I should have seen it coming. For months, my 3-year-old son had been asking my husband to do crafts with him, give him baths, read him stories, and play his favorite board game. He waited eagerly each night for my husband to get home from work and asked, "Where's Daddy?" whenever my husband left the house. As parents go, I was definitely second choice.
When he insisted one night that my husband put him to bed (one of my favorite rituals as a parent), I braced myself and asked, in what I hoped was a casual way, "Why do you want Daddy to put you to bed instead of Mommy?"
He looked up at me from under his long eyelashes and said matter-of-factly, "Because I like Daddy better."
Ouch. I've always been prone to mom guilt, so his guileless confession sent my mind racing. Was it because I'd recently begun working more? Was I focusing too much on his older siblings? Or was it just another (mostly) harmless curveball tossed by my busy, emotional, and sometimes confusing 3-year-old?
First things first: Is it normal for a young child to favor Mom or Dad? Thankfully, yes. "This is very normal and very common," Dr. Reischer assures me. "The issue comes up in a lot of families I see."
For parents experiencing this favoritism dynamic, Dr. Reischer suggests to first assess the situation: Is the favoritism an occasional issue? Or is there a daily struggle with a child who prefers either Mommy or Daddy?
If it's the latter, Dr. Reischer suggests examining your big-picture relationship with your child.
"Everyone in a parenting role needs a warm, supportive relationship with the child," she says. "This type of favoritism may be mirroring something in the relationship—not spending enough time together, not being hands-on enough in parenting, maybe a good cop/bad cop dynamic among Mom and Dad."
Why do young children express favoritism? They're simply figuring out how to navigate relationships. "As I always say, they're little scientists, just watching to see how we work," Dr. Reischer says. "They wonder 'What happens if I do this?'"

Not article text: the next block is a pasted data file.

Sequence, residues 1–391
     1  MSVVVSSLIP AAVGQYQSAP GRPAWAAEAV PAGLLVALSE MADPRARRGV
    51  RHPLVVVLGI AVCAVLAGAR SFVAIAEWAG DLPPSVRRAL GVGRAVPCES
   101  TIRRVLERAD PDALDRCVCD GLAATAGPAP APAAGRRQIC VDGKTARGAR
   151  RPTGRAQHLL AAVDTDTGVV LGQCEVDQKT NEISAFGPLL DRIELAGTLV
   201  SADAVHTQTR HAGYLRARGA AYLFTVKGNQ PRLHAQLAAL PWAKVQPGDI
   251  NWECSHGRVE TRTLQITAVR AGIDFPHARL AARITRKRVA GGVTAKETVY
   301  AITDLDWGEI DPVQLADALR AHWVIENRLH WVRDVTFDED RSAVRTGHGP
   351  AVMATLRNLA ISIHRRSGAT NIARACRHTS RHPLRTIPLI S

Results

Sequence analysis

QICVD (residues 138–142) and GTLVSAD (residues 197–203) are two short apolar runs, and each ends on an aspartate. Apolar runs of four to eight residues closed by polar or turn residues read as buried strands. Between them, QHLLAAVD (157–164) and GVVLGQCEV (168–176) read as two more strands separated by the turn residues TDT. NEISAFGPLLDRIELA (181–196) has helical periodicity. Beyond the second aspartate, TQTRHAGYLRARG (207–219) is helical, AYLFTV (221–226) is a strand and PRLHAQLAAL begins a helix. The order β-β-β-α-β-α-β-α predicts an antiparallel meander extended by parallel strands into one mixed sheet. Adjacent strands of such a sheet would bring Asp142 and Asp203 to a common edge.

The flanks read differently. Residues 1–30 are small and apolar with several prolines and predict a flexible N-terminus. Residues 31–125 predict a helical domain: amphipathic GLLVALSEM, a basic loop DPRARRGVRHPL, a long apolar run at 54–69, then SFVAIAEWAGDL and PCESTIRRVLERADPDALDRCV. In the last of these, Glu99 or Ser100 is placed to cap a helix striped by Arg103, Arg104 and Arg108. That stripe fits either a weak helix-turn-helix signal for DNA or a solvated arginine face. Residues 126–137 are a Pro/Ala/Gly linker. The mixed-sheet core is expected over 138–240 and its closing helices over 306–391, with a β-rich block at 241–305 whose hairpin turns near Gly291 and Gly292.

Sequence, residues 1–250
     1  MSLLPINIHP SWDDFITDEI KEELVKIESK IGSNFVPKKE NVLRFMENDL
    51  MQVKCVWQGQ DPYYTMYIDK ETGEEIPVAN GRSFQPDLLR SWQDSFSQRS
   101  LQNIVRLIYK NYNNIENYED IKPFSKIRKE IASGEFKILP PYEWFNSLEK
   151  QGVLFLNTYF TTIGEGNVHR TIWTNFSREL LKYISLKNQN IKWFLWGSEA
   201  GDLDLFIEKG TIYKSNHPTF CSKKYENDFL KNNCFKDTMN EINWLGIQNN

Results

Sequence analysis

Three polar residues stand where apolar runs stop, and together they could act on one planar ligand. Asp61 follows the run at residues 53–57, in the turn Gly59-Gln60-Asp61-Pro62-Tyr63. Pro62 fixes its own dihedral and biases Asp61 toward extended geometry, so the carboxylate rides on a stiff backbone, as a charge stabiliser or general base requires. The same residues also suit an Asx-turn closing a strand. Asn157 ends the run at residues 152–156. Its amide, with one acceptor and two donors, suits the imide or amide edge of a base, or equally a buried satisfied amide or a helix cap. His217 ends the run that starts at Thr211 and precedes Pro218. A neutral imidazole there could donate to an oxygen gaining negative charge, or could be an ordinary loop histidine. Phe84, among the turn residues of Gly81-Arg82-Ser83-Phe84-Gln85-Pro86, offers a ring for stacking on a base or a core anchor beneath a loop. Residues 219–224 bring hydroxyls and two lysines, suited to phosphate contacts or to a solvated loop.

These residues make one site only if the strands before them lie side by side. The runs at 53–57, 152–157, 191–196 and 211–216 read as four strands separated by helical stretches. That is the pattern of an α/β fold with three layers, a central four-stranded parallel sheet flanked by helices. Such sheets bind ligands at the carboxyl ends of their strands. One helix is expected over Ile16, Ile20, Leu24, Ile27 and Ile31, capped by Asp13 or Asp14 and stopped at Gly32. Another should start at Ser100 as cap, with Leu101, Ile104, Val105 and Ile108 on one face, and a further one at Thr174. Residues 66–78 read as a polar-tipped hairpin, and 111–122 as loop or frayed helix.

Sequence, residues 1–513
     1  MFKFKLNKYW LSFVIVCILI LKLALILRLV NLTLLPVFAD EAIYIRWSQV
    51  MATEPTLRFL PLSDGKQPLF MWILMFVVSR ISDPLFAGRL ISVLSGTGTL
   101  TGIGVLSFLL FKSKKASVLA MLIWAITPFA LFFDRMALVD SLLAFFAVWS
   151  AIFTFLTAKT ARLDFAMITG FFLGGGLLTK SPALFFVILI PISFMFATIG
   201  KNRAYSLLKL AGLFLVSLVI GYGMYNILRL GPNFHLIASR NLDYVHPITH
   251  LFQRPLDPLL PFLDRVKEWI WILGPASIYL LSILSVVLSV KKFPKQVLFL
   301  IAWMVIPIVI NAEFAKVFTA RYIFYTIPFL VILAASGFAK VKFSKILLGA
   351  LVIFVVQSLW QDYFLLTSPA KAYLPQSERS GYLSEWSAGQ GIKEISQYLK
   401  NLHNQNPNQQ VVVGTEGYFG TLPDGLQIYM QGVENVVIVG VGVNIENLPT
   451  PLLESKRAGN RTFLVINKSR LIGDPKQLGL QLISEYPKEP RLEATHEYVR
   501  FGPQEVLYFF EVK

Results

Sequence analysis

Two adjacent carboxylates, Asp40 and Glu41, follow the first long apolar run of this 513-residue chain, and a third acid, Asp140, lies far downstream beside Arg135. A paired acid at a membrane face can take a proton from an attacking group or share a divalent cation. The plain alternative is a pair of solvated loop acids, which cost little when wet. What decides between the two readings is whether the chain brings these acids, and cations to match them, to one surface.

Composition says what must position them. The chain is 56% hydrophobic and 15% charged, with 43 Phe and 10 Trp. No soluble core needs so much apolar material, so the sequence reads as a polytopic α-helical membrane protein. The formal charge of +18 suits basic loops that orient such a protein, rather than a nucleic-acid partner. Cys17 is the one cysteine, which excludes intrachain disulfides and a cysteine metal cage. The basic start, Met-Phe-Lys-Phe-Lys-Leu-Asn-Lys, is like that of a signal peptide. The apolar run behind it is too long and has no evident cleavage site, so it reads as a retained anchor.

If you've ever experienced this dynamic, whether as the preferred parent or the rejected one, consider Dr Reischer's five tips to deal with the situation to get your relationship back on track:
1. Never respond in a negative way.
"But I want Daddy to put me to bed!" your child shrieks. You may feel rejected, but resist the urge to snap at her or withdraw emotionally. "Kids are candid—they don't edit," Dr. Reischer says. Refusing to edit yourself will only make both of you feel worse. Additionally, don't dwell on the situation—if she asks you to play a game, the worst thing to say is, "Well, you didn't want me to play yesterday!"
2. React with empathy.
You may not like what your child is saying, but you should validate it anyway. "If your child says, 'I want Daddy!' you can say calmly, 'I hear that you want Daddy, and I know that you love Daddy,'" Dr. Reischer says. Even if you can't (or choose not to) honor his request, it's important that he feels heard.
3. Ensure each parent strikes a balance between work and fun.
Perhaps you take your child grocery shopping, make her sandwich, and brush her teeth—then your partner walks in the door and it's non-stop playtime. For everyone's sake, it's important that each parent take on a mix of "fun" and "work." As Dr. Reischer points out, "The child may just want who they perceive is easier—the parent who gives them one more story or dessert."
4. Formulate a predictable schedule.
If a struggle ensues regularly when your child prefers Mom or Dad for certain activities, you can combat it with a regular schedule. Kids thrive on structure, and if you and your partner alternate nightly bathtime duty, your child will get to know the routine. Rather than "Daddy can't give me a bath because Mommy is being mean," the situation becomes "Mommy's giving me my bath tonight because it's Monday."
5. Above all, focus on love and respect.
Feeling like the least favorite parent can sting, but it's vital to respond with kindness, respect, and love no matter what your child says. "You want to maintain a loving connection," Dr. Reischer says. "That's what unconditional love means: I love you no matter what, even if I don't like your behavior."